The Bull’s Eye Darts area is probably a better deal, and will make for a fun group activity. Each of several dart boards are in an open-air space (referred to as a “lane”) with a comfy couch and digital display screen. For $40, up to six guests can hang out in the space and compete with one another for 50 minutes.
The Hot Spot to Chill Out
One place I almost forgot to check out was the Mandara Spa, which is sort of funny because I was extremely excited about this area based on early renderings. Why? I’m a sucker for a water feature, and this totally re-imagined spa area features a wall of gently cascading water next to the vitality pool. I’ve been to spas on other Norwegian ships, including on the Gem and Breakaway. Both were quite nice, but they couldn’t come close to what’s on tap here.
Despite being a smaller ship than the Breakaway and Breakaway-plus class vessels, this spa felt bigger. I’m not 100 percent sure that it was, but there seemed to be a plethora of those awesome heated loungers in several different spaces. And as with the rest of the ship, this just felt like a much more elevated experience that what’s been offered on previous NCL ships. After taking a quick tour, I regretted not having purchased a day pass, which I was told would run $99.
What’s On the Menu?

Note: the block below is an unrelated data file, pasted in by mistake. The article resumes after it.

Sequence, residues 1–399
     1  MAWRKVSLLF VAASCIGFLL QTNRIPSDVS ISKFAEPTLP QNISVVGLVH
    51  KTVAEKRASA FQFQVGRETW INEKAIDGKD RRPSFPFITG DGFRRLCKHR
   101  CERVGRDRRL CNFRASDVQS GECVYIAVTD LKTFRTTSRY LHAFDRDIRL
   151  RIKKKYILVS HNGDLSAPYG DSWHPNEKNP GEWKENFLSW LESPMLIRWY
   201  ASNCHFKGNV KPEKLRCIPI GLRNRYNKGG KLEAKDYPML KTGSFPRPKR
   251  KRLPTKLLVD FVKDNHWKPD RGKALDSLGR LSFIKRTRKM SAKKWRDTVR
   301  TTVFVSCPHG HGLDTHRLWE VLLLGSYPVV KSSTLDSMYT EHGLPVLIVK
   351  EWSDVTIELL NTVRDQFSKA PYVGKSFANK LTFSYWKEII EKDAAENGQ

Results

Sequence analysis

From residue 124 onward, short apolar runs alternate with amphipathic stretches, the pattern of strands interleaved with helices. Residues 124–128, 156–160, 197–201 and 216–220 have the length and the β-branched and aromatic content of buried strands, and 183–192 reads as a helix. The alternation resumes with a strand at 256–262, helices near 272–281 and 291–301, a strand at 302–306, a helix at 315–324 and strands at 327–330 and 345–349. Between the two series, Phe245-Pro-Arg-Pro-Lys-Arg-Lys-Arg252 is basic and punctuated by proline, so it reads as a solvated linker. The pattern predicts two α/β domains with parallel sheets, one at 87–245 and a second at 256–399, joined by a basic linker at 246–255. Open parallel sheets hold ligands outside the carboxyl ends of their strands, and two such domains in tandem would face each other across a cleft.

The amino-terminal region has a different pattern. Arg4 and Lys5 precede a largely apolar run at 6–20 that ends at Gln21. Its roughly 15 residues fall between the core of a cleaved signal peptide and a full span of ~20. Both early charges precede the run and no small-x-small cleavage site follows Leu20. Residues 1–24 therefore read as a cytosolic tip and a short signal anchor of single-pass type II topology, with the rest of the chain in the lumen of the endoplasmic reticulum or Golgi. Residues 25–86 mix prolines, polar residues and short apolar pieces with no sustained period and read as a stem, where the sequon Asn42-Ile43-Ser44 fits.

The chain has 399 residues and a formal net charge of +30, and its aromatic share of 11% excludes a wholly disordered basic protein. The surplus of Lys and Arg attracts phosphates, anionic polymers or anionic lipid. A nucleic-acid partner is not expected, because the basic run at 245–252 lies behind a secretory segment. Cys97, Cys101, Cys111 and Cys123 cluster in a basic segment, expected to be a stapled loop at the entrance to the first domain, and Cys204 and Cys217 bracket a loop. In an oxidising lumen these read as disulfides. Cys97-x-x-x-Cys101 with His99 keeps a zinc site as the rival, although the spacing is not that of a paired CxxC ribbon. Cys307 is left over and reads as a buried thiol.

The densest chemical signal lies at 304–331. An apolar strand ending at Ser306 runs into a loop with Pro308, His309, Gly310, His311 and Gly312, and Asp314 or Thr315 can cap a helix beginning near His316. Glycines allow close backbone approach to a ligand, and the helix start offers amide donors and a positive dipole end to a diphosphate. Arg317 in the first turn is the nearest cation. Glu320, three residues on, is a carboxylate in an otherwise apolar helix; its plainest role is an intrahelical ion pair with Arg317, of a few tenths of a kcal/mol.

I didn’t have a reservation for dinner, but if there’s one thing I’ve learned it’s that when you’re a solo cruiser, you can pretty much walk into most spots. Sure enough, I easily snagged a table at Hudson’s, one of the two main dining rooms on this ship. Truth be told, with this being the last night, I’d normally prefer to dine at Cagney’s Steakhouse, which is sort of a final-evening tradition for me. But with Prima introducing new menus which will soon be rolled out across the entire fleet, I wanted to check it out.
For those who haven’t heard, both of Prima‘s main dining rooms feature a set menu. That means that rather than a rotating menu which changes each evening, the main dining rooms on this ship (and soon across the fleet) offers one standard menu that remains the same throughout the cruise. When sitting down to peruse the menu, I tried to do it through the eyes of someone who might be ordering off this standard set of appetizers and main dishes five or six nights during the course of a cruise.
My take? Honestly, it would be tough. Now, this being a cruise ship, it’s not like one is going to go hungry. And there are, of course, other options — free and otherwise — available to diners. But if, like my friend Natalie, you love to eat in the main dining room every night, this menu would definitely get a little boring by the end of the week. Maybe even by midweek. FYI, I wound up going with asian spare ribs as an appetizer, and then ordered the carne asada (from Los Lobos) at an add-on cost of $15, one of the options available on the MDR menu.